The researchers call their technique the Freeform Reversible Embedding of Suspended Hydrogels, or FRESH. They begin with a scan of a real heart and translate the data into something a 3D printer can read. Because the device works by depositing layers of material one on top of another, they run the 3D image through a slicer program. “For every layer, it basically defines the path that the material is going to be extruded, and then feeds that to the printer,” says Adam Feinberg, a biomedical engineer at Carnegie Mellon University who coauthored the new paper.
Just last month, former Florida State basketball player Michael Ojo died of apparent heart complications while playing in a pro league in Serbia, shortly after the 27-year-old had recovered from Covid-19.To prevent the pandemic from leading to similarly tragic heart injuries among student athletes, doctors at Ohio State University developed a new protocol, says Saurabh Rajpal, a cardiologist and assistant professor of internal medicine at OSU.
It’s 2020. Why Do Printers Still Suck?
That printer churns out alginate—a squishy material derived from seaweed—that the researchers chose both for its low cost and likeness to the material properties of human heart tissue. But instead of it extruding it into air, as a normal 3D printer might do when building something out of plastic, this extrudes the ersatz heart into a container of support gel, specifically gelatin.“The analogy I have is: Imagine you were printing inside of hair gel,” says Feinberg. Think of the little bubbles suspended in that bottle of gel—the material is providing enough support for them to float indefinitely, or at least until you squeeze the gel out of the bottle. In this case, the gelatin offers enough give for the needle of the 3D printer to slide through. “Whatever you extrude stays embedded in place, kind of like those air bubbles in hair gel,” Feinberg says.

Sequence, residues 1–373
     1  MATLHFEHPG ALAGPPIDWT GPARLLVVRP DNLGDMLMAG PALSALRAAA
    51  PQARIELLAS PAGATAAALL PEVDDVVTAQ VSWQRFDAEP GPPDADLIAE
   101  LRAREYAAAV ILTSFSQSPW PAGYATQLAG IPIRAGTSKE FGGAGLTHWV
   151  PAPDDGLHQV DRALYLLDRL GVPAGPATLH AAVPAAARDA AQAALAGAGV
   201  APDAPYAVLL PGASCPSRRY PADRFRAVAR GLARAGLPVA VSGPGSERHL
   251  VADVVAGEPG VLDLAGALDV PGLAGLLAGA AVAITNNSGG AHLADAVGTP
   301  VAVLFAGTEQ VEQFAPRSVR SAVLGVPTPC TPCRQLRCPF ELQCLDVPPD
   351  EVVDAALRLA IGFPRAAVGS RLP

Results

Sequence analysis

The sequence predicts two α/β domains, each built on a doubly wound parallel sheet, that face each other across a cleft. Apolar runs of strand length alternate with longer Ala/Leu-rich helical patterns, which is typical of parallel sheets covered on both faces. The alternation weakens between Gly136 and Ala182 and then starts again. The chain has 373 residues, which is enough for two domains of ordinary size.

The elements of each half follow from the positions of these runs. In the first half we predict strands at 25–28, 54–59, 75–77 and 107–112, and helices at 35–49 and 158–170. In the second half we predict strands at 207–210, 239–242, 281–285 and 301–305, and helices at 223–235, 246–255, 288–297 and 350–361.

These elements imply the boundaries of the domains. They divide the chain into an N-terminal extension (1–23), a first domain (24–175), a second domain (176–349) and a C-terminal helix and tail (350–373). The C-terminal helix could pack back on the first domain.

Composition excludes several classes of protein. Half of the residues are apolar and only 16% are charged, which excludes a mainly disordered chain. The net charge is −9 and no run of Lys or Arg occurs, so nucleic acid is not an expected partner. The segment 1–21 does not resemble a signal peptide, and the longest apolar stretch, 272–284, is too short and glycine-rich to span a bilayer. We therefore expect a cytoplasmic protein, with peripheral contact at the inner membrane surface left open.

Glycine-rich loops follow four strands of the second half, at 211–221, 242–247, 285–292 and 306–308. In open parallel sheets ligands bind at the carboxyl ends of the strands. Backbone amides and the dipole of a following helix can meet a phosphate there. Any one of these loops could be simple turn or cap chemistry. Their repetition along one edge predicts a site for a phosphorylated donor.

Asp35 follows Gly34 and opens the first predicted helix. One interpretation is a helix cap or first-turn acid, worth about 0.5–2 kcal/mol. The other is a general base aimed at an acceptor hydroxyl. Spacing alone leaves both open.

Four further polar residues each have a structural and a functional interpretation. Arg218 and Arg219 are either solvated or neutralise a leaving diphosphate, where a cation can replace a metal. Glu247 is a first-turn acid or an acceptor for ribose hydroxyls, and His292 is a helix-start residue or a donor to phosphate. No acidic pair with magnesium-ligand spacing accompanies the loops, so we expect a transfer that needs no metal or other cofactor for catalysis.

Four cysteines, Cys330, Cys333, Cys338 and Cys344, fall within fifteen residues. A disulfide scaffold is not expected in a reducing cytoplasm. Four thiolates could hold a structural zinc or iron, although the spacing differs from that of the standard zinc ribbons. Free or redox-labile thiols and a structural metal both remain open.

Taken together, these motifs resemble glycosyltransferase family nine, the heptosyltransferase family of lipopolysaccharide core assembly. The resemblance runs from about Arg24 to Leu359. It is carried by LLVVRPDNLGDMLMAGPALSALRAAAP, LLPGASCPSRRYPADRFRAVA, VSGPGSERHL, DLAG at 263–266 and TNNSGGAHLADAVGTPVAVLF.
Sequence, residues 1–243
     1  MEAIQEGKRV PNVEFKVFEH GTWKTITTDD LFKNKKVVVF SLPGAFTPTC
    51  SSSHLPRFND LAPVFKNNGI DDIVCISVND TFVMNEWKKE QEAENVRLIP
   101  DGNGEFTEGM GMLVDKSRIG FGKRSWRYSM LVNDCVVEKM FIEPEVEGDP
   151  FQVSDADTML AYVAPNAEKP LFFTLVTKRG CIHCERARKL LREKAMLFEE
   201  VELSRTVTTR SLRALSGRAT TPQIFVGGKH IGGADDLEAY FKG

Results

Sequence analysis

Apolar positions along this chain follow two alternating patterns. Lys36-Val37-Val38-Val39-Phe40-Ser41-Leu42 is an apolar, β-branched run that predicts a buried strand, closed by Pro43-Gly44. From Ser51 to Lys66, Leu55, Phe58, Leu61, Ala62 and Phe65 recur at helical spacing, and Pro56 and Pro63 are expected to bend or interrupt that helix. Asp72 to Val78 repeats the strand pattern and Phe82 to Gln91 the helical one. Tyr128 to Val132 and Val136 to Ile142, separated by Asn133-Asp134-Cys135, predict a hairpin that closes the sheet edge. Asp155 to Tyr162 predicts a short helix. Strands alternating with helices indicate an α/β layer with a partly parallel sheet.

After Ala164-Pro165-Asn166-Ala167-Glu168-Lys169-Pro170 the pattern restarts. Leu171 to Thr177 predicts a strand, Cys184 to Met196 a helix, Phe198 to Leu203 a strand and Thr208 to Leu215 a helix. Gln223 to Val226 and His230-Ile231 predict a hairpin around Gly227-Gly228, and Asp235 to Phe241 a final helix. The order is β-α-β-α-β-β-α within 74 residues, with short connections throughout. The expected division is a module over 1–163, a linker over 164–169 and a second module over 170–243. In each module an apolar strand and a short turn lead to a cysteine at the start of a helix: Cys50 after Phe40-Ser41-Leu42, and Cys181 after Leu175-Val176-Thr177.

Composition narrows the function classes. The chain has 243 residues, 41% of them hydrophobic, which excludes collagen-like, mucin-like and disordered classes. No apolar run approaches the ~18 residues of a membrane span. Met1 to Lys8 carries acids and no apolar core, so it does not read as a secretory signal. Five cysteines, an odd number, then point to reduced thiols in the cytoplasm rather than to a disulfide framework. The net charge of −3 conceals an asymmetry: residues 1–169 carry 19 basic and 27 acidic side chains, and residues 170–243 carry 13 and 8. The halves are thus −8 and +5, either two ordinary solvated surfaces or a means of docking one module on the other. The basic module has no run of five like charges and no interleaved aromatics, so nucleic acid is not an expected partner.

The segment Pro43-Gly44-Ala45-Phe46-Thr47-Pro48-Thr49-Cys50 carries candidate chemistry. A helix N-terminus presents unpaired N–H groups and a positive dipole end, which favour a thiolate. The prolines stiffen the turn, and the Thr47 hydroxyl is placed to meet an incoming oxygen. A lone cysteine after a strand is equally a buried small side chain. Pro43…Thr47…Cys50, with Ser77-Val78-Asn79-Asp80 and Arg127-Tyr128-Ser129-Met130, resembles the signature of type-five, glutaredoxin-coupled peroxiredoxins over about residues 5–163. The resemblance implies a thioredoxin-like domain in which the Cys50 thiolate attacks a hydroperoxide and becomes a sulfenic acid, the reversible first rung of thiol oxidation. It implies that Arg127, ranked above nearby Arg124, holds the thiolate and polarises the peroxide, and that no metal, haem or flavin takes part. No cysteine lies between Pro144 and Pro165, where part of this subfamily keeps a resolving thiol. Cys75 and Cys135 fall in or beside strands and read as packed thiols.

And now for something completely different when it comes to the art of artificial hearts: jello shots. After the organ is done printing, the researchers need a way to dissolve the gel lattice that’s surrounding it, and they use a familiar method. “I think a lot of people have experienced this from using gelatin in baking or making jello shots,” says Feinberg. “It's actually a liquid when you warm it up, but it becomes a solid gel when you cool it down. And so we take advantage of that.” When they’re ready to extract the heart, all Feinberg has to do is raise the bath to body temperature, melting away the support gel and leaving behind the 3D-printed structure.